Marie von Ebner-Eschenbach? Lewis Carroll? Charles L. Dodgson? Joseph Addison? Richard Steele? Diedrich Knickerbocker? Washington Irving? Albany de Grenier Fonblanque? Paulo Coelho? Anonymous?
Dear Quote Investigator: An obtuse, unreliable, or incompetent person occasionally performs properly. Here are three versions of a proverb reflecting this observation:
- Even a stopped clock is right twice a day.
- A broken watch is certain to be right twice a day.
- A clock that stands still is sure to point right once in twelve hours.
This saying has been attributed to the prominent Austrian writer Marie von Ebner-Eschenbach and to the famous children’s author Lewis Carroll, a.k.a., Charles L. Dodgson the author of “Alice’s Adventures in Wonderland”. What do you think?
Quote Investigator: The earliest match located by QI appeared in “The Spectator” magazine in 1711. Even in the 1700s dress fashions were ever changing. If one maintained a single clothing style it would become passé, but eventually it would return to “the mode”, i.e., become fashionable again. “The Spectator” employed the clock-based simile when discussing this topic. Emphasis in excerpts added by QI: 1
Did they keep to one constant dress, they would sometimes be in the fashion, which they never are as matters are managed at present. If instead of running after the mode, they would continue fixed in one certain habit, the mode would some time or other overtake them, as a clock that stands still is sure to point right once in twelve hours: in this case therefore I would advise them, as a Gentleman did his friend who was hunting about the whole town after a rambling fellow, If you follow him you will never find him, but if you plant your self at the corner of any one street, I’ll engage it will not be long before you see him.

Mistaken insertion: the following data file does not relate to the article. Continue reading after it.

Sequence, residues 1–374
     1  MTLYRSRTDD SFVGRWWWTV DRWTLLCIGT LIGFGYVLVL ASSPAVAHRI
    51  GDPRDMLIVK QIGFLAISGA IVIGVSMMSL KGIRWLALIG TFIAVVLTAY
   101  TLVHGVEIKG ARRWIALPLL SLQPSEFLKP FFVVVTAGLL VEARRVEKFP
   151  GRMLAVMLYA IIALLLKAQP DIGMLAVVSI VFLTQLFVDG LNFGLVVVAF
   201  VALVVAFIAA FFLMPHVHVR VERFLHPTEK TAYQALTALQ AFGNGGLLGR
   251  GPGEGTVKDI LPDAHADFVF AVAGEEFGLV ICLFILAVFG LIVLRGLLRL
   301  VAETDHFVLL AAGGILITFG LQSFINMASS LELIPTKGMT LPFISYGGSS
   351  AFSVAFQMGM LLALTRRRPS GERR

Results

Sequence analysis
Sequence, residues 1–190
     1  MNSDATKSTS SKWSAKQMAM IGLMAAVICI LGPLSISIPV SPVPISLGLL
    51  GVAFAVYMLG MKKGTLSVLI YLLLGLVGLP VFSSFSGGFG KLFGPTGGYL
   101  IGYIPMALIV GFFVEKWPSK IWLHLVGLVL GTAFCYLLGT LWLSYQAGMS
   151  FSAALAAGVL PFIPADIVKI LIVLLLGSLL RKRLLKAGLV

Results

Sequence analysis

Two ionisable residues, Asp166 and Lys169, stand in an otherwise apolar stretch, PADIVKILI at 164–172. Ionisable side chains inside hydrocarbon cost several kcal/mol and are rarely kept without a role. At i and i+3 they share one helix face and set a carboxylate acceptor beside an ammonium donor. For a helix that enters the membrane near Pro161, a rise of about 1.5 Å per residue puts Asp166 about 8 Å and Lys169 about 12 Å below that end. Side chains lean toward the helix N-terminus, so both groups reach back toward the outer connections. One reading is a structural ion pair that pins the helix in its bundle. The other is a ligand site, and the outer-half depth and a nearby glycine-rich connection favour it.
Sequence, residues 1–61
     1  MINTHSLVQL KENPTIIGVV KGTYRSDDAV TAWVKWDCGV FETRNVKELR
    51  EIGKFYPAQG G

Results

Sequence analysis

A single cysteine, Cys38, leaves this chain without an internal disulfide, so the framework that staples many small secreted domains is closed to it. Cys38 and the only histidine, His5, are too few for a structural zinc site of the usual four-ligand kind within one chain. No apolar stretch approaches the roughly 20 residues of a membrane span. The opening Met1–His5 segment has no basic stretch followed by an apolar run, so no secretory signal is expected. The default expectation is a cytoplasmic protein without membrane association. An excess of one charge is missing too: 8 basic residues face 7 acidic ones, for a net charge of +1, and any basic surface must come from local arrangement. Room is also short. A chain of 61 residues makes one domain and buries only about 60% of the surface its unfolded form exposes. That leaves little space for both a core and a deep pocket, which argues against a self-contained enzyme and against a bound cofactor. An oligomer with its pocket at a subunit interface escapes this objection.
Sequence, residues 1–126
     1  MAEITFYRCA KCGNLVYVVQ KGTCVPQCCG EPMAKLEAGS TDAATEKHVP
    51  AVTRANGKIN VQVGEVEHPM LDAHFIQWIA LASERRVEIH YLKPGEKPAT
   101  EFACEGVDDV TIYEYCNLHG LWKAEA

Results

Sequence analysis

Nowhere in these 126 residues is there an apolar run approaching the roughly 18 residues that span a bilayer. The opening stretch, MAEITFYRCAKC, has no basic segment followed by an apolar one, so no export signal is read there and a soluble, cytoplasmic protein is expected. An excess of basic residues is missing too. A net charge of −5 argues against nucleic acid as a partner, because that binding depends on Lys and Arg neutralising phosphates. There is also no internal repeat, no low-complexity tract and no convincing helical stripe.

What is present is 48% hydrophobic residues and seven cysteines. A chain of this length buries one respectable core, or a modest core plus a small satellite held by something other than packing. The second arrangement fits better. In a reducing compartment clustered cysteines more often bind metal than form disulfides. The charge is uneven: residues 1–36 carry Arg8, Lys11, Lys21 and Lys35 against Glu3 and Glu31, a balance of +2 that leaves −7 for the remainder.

Joseph Addison and Richard Steele founded and operated “The Spectator”. Both were significant literary and political figures. Scholarly reprints in later years identified Joseph Addison as the author of the excerpt above. 2
Below are additional selected citations in chronological order.
In 1809 Diedrich Knickerbocker published “A History of New York: From the Beginning of the World to the End of the Dutch Dynasty”. The two volume history was comical and satirical, and the actual author was Washington Irving who later achieved fame with “The Legend of Sleepy Hollow” and “Rip Van Winkle”. The proverb appeared in the second volume: 3
The clock that stands still, and points resolutely in one direction, is certain of being right twice in the four and twenty hours—while others may keep going continually, and continually be going wrong.
During his teen years Charles L. Dodgson (Lewis Carroll) constructed a set of magazine-like manuscripts for his family members. One series called “The Rectory Umbrella” (circa 1850-53) included a counterintuitive comparison of the accuracy of a stopped clock versus a slow clock. This discussion was reprinted decades later in 1898 in “The Strand Magazine” of London: 4
“Which is the best: a clock that is right only once a year, or a clock that is right twice every day? ‘The latter,’ you reply, ‘unquestionably.’ Very good, reader, now attend.